Like is full of unknown mysteries, but warm, sunny weather and a packed calendar are two things you can count on this week. From film screenings packed with live entertainment to comedic slide shows and dance parties that Prince would approve of, here are five ways to make the most of it while you're living for the city.


CAAAAN YOUUUU DIIIIG IT??? An immersive screening of the "bad old days" gang war classic The Warriors will be taking over House of Yes on Tuesday. Leave your switchblade at home but bring plenty of empty beer bottles for a night complete with special appearances by original cast members and a brief discussion of what it was really like in the war-torn '70s, led by Orphans gang member Apache Ramos. Live painting during the screening and a partial in-house rescoring of the film by Black Lodge means you should definitely come out to play for this one.

Tuesday, May 10th, 7 p.m. // House of Yes, 2 Wyckoff Street, Brooklyn // Tickets $22.20

If the word "slideshow" only triggers terrible memories of making Power Points in college, then get to Carousel in 2-D and 3-D, a night that will project weird and wonderful things onto unsuspecting walls. Comic strip writers, graphic novelists, visual artists, musicians, and theater players will come together to bring humor and horror to Dixon Place, with the likes of Katie Fricas, Sara Lautman, Jason Little, Gerald Marks, and Joe Pedoto all contributing. Get ready for a fast-paced night of gags, live drawings, and 3-D Star Wipe Transitions.

Wednesday, May 11th, 7:30 p.m. // Dixon Place, 161A Chrystie Street between Rivington and Delancey, Manhattan // Tickets $15-18

One of the greatest documentaries on Gospel music ever made, Rejoice and Shout is screening at the Bronx Documentary Center. on Thursday. And if your only mental image of Gospel music is that of a large, robed, bellowing choir, this will enlighten you. Gospel as we know it today dates back over 200 years and is as troubled and soft-spoken as it is bold. Featuring performance and interviews from Smokey Robinson, Mavis Staples, Mahalia Jackson, and more, the film takes a deep look at black faith, music, and tradition in America, and is being shown in conjunction with the Documentary Center's ongoing photography exhibition of Nina Robinson's Not Forgotten; An Arkansas Family Album.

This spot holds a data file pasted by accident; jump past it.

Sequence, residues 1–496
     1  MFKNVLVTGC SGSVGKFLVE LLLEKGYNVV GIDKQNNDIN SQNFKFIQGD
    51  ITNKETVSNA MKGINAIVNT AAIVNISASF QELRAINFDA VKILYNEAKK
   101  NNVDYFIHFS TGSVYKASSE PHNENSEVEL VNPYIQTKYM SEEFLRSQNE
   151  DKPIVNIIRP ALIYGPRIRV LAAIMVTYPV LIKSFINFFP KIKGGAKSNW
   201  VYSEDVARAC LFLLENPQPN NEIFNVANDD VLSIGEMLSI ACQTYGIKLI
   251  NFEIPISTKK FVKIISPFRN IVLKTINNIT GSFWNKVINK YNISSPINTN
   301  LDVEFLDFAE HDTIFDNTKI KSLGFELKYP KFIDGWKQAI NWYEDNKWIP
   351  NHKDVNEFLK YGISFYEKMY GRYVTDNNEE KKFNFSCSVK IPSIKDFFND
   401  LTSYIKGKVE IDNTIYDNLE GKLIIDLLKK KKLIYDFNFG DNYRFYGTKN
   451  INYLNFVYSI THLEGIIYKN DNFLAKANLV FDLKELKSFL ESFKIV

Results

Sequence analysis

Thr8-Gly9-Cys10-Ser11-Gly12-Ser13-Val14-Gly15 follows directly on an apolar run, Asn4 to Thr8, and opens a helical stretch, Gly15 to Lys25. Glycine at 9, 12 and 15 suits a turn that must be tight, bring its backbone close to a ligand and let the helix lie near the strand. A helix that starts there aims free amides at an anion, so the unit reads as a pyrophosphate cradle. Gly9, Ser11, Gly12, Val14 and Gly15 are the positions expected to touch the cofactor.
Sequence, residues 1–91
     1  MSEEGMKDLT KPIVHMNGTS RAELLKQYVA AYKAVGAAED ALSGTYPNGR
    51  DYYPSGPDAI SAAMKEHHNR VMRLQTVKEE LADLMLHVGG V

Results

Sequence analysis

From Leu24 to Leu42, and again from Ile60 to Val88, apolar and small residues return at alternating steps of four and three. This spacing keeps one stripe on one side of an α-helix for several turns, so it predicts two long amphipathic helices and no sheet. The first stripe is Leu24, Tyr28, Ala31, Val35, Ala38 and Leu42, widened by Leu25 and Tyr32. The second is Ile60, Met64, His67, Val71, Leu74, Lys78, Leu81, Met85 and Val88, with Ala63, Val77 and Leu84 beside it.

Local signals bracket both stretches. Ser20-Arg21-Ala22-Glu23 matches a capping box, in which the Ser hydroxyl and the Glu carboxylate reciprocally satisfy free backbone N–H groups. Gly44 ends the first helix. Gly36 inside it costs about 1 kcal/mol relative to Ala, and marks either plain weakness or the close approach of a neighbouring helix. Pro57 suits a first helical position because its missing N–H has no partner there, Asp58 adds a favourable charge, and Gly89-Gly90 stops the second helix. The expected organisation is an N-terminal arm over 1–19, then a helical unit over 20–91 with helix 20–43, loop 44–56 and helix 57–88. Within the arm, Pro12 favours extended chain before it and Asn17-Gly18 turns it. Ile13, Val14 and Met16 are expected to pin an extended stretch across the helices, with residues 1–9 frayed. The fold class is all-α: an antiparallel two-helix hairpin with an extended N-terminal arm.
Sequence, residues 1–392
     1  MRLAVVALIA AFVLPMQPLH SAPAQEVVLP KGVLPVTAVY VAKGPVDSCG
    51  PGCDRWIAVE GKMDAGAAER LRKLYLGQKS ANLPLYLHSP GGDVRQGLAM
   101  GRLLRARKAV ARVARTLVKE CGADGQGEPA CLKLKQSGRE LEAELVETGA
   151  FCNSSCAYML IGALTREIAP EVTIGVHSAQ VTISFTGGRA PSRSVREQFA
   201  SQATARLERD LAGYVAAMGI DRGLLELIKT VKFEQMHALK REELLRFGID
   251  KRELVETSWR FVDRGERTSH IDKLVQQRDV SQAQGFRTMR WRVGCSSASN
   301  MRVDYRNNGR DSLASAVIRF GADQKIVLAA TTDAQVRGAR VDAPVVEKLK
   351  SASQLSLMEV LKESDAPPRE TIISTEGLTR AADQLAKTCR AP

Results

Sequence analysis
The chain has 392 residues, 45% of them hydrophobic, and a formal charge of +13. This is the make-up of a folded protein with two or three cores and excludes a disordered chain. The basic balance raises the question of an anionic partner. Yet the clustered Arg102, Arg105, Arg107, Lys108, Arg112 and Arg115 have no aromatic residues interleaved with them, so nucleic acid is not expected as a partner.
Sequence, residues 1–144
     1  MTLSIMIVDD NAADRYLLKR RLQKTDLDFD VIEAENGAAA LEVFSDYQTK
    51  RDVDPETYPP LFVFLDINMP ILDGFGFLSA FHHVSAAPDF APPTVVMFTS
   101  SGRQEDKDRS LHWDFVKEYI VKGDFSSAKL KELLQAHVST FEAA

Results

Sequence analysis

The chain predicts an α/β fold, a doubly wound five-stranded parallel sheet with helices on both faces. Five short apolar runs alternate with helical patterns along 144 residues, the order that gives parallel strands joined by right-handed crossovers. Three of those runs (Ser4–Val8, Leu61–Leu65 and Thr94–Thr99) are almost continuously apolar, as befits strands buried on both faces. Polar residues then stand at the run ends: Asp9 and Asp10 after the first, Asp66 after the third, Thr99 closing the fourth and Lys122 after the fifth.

Thursday, May 12th, 7 p.m. // Bronx Documentary Center, 614 Courtlandt Avenue, the Bronx // Suggested donation $5-10

Liz Craft, Spider Woman Black Dress, 2015. Papier-mache, mixed media, dimensions variable. Image courtesy the artist and Jenny's, Los Angeles. Photograph by Daniel Sahlberg (via the Whitney Museum)

The works of artists Liz Craft, Rochelle Goldberg, Elizabeth Jaeger, Maggie Lee, and Win McCarthy will coalesce at The Whitney this month in an exhibition entitled "Mirror Cells". The title references the mirror neurons of the human brain, which are associated with human empathy.

In the past, these artists have created works that communicate with one another, "alluding to furniture or other functional items, in order to generate a broader context that extends beyond their individual physical forms." The artists' works will create a surreal landscape, weaving in and out of both personal and broad social themes. The featured works, which have largely been made in response to death and larger social issues, will aim to evoke in viewers the same feelings that went into their conception. (Kellylouise Delaney)

May 13th - August 21st, Hours vary // Whitney Museum of American Art, 99 Gansevoort Street, Manhattan // Tickets Free-$22


Party Like It's 1986 will be a jam-packed dance party centered around the music of Prince, Pet Shop Boys, Prince, Madonna, Prince, Janet Jackson, and also Prince. It's a night of pop, rock, funk, and new wave that's completely free to get into and that's really all there is to it. See you there, Girls and Boys.

Friday, May 13th, 10 p.m. // The Bell House, 149 7th Street, Brooklyn // Free